Monday, December 4, 2017

Historical Means

It is a nerve wracking experience to follow the daily news cycle as if the fate of the nation hangs in each development. Whenever a story breaks about graft, corruption, broken norms, expanding plutocracy, and alt-right proto-fascist empowerment, it feels like further confirmation that, yes, the republic is collapsing before our eyes. Alternatively, every revelation about the special prosecutor's investigation of Trump promises a desperate salvation, like the kindling of a beacon fire or some other ancient defense of the people. Give it just a few more weeks and Mueller will arrive leading the Riders of Rohan to help win the great battle of our time.

So it went at the end of last week, when ABC produced a stunning scoop that Mueller's flipping of General Flynn would produce testimony that Trump had directed Flynn to make contact with Russia during the campaign, a gigantic, potentially impeachable no-no. Markets fell as the End of Trump drew nigh! Then hours later ABC corrected the report to state that Trump had ordered Flynn to do this when he was president-elect, still potentially problematic but orders of magnitude less so than the original erroneous report. What followed from ABC was backpedaling and then, for me, the return of that feeling of visceral horror that the presidency remains in the hands of a lunatic narcissist for the foreseeable future.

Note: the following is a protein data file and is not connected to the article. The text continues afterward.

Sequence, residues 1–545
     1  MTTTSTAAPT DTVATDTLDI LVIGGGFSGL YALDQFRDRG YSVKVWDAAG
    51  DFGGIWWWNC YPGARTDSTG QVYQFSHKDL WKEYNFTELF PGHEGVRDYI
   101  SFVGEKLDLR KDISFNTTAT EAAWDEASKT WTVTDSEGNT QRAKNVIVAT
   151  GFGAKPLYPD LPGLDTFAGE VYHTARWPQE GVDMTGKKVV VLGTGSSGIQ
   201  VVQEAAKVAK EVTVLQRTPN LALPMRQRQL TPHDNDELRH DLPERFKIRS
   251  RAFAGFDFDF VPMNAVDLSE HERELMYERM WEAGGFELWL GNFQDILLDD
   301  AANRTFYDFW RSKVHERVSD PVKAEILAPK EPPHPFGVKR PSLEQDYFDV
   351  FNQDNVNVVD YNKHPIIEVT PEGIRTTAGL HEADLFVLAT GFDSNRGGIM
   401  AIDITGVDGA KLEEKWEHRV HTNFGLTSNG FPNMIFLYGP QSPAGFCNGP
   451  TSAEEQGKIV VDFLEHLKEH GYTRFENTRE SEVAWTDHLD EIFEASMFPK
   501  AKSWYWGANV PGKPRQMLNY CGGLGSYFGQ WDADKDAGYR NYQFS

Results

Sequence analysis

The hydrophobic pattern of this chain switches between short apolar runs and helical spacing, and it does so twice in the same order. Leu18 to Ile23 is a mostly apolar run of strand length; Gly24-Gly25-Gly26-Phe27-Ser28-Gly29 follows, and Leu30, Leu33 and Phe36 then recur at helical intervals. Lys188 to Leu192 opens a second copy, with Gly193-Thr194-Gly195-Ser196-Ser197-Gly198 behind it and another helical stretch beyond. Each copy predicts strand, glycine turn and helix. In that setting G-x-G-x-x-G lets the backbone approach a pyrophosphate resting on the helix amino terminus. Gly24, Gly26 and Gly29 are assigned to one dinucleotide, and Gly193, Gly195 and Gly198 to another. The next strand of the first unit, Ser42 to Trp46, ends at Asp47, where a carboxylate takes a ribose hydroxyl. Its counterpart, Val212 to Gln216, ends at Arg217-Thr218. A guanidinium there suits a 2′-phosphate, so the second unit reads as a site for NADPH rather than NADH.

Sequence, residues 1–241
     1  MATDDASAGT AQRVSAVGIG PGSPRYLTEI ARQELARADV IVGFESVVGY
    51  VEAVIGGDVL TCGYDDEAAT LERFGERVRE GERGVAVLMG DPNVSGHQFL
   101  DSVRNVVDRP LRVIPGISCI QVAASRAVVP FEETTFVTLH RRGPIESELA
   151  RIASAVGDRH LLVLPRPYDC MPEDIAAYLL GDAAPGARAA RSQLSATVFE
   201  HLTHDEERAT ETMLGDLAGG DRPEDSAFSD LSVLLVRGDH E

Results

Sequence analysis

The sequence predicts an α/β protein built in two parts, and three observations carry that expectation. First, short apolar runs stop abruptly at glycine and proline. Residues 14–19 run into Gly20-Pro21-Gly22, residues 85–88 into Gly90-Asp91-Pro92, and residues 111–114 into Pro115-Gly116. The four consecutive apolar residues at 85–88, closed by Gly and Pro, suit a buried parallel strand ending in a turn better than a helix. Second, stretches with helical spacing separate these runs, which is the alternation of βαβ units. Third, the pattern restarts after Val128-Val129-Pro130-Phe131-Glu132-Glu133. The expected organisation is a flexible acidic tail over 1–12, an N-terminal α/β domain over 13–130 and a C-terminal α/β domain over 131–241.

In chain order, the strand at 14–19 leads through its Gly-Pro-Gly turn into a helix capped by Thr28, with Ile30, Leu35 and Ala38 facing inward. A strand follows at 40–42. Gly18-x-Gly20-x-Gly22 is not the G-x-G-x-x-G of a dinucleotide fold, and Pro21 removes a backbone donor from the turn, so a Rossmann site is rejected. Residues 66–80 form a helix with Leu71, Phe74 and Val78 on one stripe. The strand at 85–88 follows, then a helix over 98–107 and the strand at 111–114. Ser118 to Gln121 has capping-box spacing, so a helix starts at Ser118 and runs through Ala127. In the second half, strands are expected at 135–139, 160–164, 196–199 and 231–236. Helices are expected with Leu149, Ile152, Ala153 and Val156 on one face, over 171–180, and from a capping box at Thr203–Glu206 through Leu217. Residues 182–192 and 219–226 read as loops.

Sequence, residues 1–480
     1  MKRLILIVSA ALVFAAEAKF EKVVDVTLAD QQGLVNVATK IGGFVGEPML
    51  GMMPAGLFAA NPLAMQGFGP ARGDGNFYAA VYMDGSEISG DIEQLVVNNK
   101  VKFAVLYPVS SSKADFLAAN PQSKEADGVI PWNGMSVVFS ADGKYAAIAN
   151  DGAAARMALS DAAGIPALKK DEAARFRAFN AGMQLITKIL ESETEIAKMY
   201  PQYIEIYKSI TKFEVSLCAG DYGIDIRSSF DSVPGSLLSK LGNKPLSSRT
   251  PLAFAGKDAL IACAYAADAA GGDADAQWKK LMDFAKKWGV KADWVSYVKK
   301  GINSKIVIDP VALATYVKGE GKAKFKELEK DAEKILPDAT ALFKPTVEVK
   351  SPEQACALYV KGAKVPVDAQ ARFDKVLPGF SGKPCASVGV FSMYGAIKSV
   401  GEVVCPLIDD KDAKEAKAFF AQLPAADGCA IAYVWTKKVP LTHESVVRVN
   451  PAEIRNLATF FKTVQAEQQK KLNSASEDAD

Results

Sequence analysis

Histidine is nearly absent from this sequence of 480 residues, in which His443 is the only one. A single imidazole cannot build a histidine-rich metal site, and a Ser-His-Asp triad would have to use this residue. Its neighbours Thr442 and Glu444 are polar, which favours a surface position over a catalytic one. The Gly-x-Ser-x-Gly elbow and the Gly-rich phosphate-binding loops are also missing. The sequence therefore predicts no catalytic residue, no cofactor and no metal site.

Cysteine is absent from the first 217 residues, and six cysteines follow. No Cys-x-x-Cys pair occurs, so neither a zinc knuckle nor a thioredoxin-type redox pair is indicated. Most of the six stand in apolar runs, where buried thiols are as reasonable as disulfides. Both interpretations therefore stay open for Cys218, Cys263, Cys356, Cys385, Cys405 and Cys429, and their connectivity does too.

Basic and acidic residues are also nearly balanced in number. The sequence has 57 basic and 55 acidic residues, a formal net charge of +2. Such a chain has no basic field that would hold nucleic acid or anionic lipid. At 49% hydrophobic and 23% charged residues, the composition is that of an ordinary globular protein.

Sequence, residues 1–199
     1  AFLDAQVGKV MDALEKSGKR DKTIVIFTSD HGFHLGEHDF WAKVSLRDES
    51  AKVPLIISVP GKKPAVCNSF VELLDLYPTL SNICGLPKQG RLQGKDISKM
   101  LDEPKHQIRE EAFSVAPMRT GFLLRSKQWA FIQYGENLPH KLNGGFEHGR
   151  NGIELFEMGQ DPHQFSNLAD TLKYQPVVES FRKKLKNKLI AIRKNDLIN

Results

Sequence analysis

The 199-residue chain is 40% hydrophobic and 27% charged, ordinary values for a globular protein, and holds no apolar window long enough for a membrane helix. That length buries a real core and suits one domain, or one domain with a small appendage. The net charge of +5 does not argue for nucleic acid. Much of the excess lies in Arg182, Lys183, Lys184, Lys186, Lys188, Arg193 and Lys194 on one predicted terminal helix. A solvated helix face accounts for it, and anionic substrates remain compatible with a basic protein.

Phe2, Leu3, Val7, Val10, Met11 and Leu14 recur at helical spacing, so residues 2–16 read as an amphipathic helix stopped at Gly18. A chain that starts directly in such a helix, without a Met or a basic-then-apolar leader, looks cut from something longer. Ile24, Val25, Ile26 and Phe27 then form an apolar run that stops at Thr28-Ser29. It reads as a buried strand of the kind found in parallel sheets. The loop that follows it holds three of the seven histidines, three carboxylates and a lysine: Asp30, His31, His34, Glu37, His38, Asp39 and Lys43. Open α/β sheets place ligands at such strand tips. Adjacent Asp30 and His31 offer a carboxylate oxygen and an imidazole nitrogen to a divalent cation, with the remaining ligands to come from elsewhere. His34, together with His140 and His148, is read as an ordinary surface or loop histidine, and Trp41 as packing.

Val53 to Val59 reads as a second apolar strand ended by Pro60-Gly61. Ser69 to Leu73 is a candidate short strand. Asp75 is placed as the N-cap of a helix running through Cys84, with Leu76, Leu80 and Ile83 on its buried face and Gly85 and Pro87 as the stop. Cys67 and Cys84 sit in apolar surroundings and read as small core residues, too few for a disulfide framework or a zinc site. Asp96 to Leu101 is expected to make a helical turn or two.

Mueller is not the answer. I have to remind myself that I should stop investing hope in that investigation. It will produce whatever it produces and, should it be damning or even criminal, even then we must count on the miraculous odds that a GOP House and Senate would carry out impeachment proceedings.

Our national crisis runs far deeper than a campaign plot with Russia. It is not, however, altogether unprecedented or unfamiliar in American history. The nation has experienced plutocratic corruption and deep economic inequality before. It has experienced restrictive and unjust voting practices, white supremacist governments on the state and national level, and illegal anti-democratic conspiracies. It has experienced legally enforced segregation and nativism, as well as giant tribalist media outfits unmoored from real journalistic principles. It has experienced civil war.